As I said above the final third of the movie was the biggest disappointment. There's a situation where Spock grieves for Kirk. It's pretty much a direct rip on Wrath of Khan. I'm fine with a subtle homage. But what really frustrated me was that the end sequence is just a big fistfight between Khan and Spock. The scene lacks any tension and moreover takes place on a moving transport shuttle on Earth in broad daylight. While I think Abrams usually gets the visuals right, here the visuals were not only silly but also didn't provide a climax for the final battle. There was no battle of wits, just a pedestrian brawl.

One reviewer (I think the Transporter Room 3 podcast) said it best: at this point, the characters haven't earned this ending. We've only had one movie before this one with Kirk and Spock. It's not clear how that emotional became so deep. It just doesn't work when viewers know that Kirk will be resurrected. I think the ending could have been just as effective if Uhura had died, and made more sense.


Overall I give Into Darkness 3.5 stars. It's better than the 2009 Star Trek in my opinion, but Abrams still doesn't seem to understand Star Trek. This is all popcorn movie with little intellectual or emotional heft. More importantly, Abrams seems a bit too willing to make large leaps in logic and to fall back on action sequences rather than develop the plot. I'd still recommend seeing it. Despite my complaints, I did enjoy the movie and I'll buy the blu-ray. It just lacks the thoughtfulness of Star Treks II and VI, and that's a shame. If Abrams does make another sequel, I'd recommend he watch Star Trek II and VI, but not just to copy the plot twists, but also the thoughtfulness in those films.
130 people found this helpful
Mike S.Reviewed in the United States on June 23, 2022
5.0 out of 5 stars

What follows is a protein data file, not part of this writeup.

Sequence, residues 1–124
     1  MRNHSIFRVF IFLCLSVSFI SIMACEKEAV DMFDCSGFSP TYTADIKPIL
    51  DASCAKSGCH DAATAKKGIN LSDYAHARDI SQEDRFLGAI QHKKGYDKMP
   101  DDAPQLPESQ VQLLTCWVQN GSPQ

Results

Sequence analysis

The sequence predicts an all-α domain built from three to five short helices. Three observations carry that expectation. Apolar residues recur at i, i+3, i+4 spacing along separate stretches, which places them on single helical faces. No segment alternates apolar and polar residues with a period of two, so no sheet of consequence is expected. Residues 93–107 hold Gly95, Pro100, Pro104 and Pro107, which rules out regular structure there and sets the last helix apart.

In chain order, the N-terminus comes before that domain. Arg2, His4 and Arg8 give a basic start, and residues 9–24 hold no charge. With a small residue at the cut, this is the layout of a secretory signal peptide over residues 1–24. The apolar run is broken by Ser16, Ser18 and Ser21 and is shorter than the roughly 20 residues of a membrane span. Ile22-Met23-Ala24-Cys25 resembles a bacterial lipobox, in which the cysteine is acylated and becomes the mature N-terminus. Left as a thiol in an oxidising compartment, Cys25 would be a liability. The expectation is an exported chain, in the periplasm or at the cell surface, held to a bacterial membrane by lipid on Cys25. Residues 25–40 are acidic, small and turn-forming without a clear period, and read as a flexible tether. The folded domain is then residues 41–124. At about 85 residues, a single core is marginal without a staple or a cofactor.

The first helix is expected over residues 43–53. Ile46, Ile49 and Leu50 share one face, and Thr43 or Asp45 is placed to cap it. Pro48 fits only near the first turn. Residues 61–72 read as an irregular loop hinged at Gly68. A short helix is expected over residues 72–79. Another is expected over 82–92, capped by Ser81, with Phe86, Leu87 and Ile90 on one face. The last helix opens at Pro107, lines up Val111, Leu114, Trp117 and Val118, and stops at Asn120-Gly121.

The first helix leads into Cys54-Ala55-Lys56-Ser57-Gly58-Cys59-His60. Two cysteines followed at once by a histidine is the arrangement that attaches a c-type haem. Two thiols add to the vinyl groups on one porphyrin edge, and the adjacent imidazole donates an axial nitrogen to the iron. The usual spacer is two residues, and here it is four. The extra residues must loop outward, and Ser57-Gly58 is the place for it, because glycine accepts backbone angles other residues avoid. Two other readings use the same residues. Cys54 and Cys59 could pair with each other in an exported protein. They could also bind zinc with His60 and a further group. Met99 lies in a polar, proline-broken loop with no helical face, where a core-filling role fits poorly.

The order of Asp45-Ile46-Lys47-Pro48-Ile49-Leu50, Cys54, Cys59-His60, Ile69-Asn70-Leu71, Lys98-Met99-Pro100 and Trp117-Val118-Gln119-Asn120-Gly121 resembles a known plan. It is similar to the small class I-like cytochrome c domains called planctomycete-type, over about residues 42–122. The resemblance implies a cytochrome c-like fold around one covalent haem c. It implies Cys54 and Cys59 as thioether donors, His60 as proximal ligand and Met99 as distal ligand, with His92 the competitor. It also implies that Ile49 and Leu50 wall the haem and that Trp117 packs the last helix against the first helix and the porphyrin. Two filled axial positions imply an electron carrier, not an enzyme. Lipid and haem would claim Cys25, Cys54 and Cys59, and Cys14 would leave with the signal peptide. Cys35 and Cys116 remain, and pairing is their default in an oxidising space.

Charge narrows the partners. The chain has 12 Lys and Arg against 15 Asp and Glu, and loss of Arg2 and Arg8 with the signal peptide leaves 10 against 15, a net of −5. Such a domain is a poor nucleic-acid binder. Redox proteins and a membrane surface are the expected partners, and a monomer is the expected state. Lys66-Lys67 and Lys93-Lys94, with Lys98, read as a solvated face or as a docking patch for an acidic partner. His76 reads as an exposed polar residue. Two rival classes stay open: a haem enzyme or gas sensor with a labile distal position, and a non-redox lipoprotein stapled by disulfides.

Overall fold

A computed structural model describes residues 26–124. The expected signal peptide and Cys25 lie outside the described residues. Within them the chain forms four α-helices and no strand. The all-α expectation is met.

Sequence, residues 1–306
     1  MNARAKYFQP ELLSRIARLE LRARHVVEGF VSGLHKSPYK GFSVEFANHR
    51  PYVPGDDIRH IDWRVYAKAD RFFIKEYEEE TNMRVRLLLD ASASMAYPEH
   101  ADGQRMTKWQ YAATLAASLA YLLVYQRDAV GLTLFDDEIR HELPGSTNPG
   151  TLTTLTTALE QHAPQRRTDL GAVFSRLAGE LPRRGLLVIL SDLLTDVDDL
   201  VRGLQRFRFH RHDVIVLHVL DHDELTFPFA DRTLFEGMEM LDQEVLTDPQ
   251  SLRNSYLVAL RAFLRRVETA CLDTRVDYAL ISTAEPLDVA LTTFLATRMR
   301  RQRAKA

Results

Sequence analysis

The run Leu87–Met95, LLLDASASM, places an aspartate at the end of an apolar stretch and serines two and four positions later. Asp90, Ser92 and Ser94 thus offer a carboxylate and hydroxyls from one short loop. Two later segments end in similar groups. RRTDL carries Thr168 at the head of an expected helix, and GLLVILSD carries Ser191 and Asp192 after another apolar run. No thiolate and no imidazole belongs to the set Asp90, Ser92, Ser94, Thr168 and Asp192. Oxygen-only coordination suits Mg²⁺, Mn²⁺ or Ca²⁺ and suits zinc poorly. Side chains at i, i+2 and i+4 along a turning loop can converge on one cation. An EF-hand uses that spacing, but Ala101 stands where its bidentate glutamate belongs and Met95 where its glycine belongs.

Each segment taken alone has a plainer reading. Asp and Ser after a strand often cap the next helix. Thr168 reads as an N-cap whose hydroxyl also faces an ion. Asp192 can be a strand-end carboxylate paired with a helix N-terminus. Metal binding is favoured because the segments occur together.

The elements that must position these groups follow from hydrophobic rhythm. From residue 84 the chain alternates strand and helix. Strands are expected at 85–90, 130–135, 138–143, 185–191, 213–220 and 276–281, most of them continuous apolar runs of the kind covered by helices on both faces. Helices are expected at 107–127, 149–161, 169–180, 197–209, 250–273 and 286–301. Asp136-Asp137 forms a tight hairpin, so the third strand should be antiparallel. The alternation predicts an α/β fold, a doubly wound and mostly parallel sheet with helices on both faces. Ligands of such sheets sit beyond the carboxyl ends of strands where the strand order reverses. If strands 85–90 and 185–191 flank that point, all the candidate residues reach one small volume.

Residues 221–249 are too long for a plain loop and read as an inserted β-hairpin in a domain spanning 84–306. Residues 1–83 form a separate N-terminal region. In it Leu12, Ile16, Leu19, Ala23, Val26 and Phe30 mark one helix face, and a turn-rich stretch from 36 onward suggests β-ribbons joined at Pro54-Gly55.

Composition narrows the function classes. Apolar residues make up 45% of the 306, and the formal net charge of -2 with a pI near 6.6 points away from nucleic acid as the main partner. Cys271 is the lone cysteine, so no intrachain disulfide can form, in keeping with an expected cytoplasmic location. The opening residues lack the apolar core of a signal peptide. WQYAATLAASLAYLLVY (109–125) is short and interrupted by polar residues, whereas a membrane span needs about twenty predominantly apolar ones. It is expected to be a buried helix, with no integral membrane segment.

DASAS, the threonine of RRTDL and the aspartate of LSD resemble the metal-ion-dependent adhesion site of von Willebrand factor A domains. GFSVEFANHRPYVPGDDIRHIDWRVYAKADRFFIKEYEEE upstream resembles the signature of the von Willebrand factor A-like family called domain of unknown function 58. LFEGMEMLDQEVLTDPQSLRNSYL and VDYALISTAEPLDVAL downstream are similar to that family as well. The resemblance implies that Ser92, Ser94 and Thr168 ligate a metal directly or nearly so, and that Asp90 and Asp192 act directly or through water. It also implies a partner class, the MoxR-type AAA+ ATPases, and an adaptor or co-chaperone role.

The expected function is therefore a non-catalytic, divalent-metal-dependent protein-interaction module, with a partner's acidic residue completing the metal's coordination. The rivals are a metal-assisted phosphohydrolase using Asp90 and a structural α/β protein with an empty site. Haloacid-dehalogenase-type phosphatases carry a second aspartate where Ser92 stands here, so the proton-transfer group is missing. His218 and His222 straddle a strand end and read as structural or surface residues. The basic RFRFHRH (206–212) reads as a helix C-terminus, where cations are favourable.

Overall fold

Verified purchase
Into Darkness does a great job balancing being a sequel to the first movie, which told its own story and did not really borrow any elements from the original Star Trek Motion Picture, and taking some elements from the more iconic Star Trek II: The Wrath of Kahn. Of course, as most know by now, this movie did use Kahn (played wonderfully by Benedict Cumberbatch), who is probably the most prolific villain from the original series and its movies. Initially, the film does try to hide his identity as John Harrison, whom we are just to think is a terrorist trying to bring down Starfleet command. The movie is mostly a chase of Kahn by the crew of The Enterprise. As I said, it does borrow from the original Star Trek II movie but does some things with a twist. Some people hated the twists but I personally think was very well done. I definitely think it would have been a mistake to make a movie that was a carbon copy of The Wrath of Kahn since this is meant to be in an alternate timeline where things do not happen as they did in the original series. Like the first movie, this one has a great blend of action, comedy (it has an especially great red shirt joke), and drama. The acting by all is wonderful, and it is well worth watching.

The A/V quality of the Blu-Ray is top-notch, but the extras are pretty light. If you have upgraded to the 4k disc you get more extras, but the original Blu-Ray release only had seven featurettes that added up to less than an hour's worth of material. So, if you really like bonus features you probably want to do the double dip to upgrade.